5 Reasons Not to Put Ads Into Your Email Newsletters
There are a number of common concerns about email advertising. Why hasn’t the interactive marketing community embraced email ads as warmly as web display or social media?
There have been many reasons. Advertisers have expressed concern that ads will be ignored when they appear next to interesting content. Publishers fear that email newsletter ads will cause users to click away from their sites, while advertisers worry about ad performance. Both might be concerned about context and the conflict between an ad and the adjacent content. Most of these objections aren’t limited to the email channel. Below, I take a shot at answering each of the most common objections raised to email ads.
MYTH #1: Fragmented Attention: The more options given to a reader, the more divided their focus.
The Reality: Every other medium has ads either of the interstitial (ads occurring in between content, such as a TV commercial) or the adjacent variety (ads that appear along with content, like in a magazine). People will almost always click on the most compelling content. If either kind of click makes you money, you should be happy. None of LiveIntent’s publishers have ever complained about diversion. People will always click on The Jump to the story more often than on the ad, and very few email ad buyers (less than one percent) buy on CPC. In fact, most buy on CPM like they do in TV, newspaper, magazine and radio, so the publisher (whomever sends the email) gets paid whether they click or not.
The Verdict: Diversion is not an issue in the DVR era.
MYTH #2: Reduced revenue for ecommerce companies that advertise 3rd party products within their marketing newsletters: Sending customers to the advertiser’s own site instead of the Retailer’s will lower conversion rates and reduce ecommerce revenues.
The Reality: A company that makes the mistake of placing a co-op ad (a larger retailer selling another company’s product- think a computer store running an ad for an a certain brand of laptop) in an email that doesn’t link to its own commerce site to sell that product is a victim of its own error. Within the email, a consumer actually clicking shows a strong expression of intent, and will likely lead to a purchase more than with no click at all: it’s axiomatic that clickers buy. The co-op dollars that laptop manufacturer Y spends to appear in computer retailer X’s offer often pay for the retailer’s advertising while the ad program stimulates revenue for both parties.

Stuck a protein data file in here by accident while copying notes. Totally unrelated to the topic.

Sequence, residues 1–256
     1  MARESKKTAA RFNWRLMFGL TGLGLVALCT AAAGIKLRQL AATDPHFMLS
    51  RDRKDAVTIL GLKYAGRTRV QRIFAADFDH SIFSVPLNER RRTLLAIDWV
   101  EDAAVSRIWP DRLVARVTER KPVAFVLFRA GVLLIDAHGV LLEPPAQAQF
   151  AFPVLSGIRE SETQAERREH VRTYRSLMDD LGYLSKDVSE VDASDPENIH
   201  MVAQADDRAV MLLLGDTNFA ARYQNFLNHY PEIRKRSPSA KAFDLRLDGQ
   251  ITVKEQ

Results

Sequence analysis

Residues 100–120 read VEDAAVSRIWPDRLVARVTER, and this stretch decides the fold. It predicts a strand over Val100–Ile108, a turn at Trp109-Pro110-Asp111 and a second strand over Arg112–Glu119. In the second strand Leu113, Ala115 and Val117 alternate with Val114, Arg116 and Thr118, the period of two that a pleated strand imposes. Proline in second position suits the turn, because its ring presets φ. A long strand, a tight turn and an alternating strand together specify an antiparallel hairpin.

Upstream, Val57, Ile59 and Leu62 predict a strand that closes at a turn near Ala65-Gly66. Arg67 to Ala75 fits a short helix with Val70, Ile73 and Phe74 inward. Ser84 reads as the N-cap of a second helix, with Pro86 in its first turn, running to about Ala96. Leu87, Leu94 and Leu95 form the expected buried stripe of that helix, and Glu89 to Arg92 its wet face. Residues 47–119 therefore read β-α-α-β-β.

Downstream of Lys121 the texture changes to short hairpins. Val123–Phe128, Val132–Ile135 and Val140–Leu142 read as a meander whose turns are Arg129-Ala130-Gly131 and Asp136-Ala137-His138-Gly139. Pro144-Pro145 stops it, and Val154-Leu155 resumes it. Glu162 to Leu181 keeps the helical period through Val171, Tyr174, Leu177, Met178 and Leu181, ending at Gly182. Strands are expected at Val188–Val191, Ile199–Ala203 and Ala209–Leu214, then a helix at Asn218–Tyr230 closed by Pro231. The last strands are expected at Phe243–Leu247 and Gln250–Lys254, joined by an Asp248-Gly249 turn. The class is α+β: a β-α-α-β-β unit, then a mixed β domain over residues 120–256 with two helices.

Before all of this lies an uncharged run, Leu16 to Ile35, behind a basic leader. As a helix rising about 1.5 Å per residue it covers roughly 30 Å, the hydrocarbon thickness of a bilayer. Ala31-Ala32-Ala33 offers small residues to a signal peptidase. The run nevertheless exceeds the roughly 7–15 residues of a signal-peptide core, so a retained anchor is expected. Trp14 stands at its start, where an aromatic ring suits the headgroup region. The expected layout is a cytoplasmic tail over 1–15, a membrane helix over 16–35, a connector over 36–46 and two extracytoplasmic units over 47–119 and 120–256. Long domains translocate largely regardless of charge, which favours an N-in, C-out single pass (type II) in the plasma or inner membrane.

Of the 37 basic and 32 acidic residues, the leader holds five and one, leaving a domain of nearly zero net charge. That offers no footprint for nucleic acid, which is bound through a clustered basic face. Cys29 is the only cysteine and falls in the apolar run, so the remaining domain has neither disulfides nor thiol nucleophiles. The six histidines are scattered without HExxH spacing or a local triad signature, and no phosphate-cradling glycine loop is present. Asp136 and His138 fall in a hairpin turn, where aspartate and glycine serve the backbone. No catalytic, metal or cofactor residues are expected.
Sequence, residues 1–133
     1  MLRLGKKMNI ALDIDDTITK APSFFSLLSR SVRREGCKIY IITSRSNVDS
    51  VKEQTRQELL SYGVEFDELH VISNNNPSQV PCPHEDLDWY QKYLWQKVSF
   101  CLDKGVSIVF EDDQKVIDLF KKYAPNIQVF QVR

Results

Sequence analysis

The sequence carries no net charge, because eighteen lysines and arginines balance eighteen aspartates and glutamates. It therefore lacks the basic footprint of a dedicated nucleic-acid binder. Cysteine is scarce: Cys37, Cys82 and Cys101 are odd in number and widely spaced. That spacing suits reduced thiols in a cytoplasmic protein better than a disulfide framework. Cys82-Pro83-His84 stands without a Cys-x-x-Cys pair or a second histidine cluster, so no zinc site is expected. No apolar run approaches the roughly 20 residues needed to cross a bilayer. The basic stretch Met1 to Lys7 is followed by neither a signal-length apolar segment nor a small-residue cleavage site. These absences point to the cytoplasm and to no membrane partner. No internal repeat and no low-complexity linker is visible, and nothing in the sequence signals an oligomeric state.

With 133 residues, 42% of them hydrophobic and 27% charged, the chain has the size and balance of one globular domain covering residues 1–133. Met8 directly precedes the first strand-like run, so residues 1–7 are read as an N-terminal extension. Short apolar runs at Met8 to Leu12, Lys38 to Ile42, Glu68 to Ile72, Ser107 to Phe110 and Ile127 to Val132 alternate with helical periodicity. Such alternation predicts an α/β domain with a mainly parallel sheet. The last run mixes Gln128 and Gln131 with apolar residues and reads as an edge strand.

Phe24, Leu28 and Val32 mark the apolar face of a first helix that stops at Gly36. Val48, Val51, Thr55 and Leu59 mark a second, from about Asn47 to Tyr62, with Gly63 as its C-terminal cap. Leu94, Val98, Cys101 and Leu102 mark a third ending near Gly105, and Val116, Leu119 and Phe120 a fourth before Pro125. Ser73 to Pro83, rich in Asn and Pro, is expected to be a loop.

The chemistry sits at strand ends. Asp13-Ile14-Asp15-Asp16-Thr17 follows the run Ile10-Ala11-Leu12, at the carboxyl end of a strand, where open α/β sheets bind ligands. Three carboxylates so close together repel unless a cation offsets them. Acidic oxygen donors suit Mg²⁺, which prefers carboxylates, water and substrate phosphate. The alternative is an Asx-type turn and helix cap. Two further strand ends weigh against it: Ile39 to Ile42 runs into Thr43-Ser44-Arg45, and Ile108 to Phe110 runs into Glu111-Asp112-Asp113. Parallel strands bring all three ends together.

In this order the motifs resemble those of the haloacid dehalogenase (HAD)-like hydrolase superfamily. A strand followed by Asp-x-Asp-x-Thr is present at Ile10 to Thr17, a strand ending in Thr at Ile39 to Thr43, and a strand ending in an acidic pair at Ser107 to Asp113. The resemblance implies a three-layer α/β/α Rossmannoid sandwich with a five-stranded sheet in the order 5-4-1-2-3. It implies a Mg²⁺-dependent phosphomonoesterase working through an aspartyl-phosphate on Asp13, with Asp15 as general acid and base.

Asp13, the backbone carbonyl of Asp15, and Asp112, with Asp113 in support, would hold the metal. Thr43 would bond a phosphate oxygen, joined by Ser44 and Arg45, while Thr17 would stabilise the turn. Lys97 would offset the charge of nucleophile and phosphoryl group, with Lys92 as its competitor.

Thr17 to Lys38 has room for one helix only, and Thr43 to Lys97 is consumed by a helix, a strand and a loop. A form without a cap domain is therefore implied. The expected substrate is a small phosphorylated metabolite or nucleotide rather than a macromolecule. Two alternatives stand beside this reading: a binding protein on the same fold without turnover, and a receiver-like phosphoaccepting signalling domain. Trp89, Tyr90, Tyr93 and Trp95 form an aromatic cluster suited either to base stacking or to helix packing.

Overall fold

The Verdict: Co-op dollars spent on email advertising in your newsletters pay for your email program (ESP) and drive sales for the advertiser client while reinforcing your role as a source of trusted recommendations.
MYTH #3: Reduced Revenue: Click-through rates for advertiser placements within newsletters are poor and struggle to justify continued ad sales.
The Reality: Email Ads click at a rate of 5x to 10x greater than similar IAB standard display ads placed on web sites. That’s because the email opener is 1) a subscriber, 2) trusts the content by association with the publisher, 3) spends more time in the email, and 4) is within the safe confines of their email inbox, an environment that the email user controls and feels comfortable in. People don’t click on web ads at nearly the same rate as they do in email, and they convert more in email after they click too!